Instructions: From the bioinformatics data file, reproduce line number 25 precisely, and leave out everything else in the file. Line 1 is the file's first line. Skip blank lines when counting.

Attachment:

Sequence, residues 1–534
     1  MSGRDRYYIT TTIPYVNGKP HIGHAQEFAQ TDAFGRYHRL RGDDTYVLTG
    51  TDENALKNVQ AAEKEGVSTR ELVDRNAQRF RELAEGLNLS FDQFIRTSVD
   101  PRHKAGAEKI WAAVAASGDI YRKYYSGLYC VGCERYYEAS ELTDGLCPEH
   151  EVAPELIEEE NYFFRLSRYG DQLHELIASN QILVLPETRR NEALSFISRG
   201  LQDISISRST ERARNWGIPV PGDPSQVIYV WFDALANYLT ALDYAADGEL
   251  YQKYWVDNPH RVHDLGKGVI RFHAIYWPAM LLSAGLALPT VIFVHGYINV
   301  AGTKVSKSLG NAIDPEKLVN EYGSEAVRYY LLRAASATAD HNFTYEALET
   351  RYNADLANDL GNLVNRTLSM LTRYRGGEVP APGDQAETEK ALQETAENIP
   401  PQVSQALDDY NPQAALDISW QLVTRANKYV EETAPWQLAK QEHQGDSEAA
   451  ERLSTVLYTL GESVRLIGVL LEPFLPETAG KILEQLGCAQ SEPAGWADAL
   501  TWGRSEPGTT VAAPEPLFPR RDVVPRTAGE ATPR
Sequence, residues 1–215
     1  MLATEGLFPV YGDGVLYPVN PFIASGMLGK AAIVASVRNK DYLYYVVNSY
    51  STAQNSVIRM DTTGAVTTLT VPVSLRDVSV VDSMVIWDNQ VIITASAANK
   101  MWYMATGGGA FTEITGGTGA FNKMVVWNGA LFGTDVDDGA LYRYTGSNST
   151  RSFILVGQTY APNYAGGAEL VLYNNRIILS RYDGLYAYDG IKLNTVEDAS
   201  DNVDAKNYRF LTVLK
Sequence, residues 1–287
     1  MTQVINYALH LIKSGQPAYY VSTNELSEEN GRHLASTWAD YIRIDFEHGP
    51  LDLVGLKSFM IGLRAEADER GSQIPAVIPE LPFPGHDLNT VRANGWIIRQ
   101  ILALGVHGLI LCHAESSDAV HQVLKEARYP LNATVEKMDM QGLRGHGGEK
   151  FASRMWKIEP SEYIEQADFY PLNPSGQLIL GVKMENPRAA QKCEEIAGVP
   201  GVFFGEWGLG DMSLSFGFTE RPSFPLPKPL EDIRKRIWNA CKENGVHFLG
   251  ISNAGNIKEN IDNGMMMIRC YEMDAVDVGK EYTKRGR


   251  ISNAGNIKEN IDNGMMMIRC YEMDAVDVGK EYTKRGR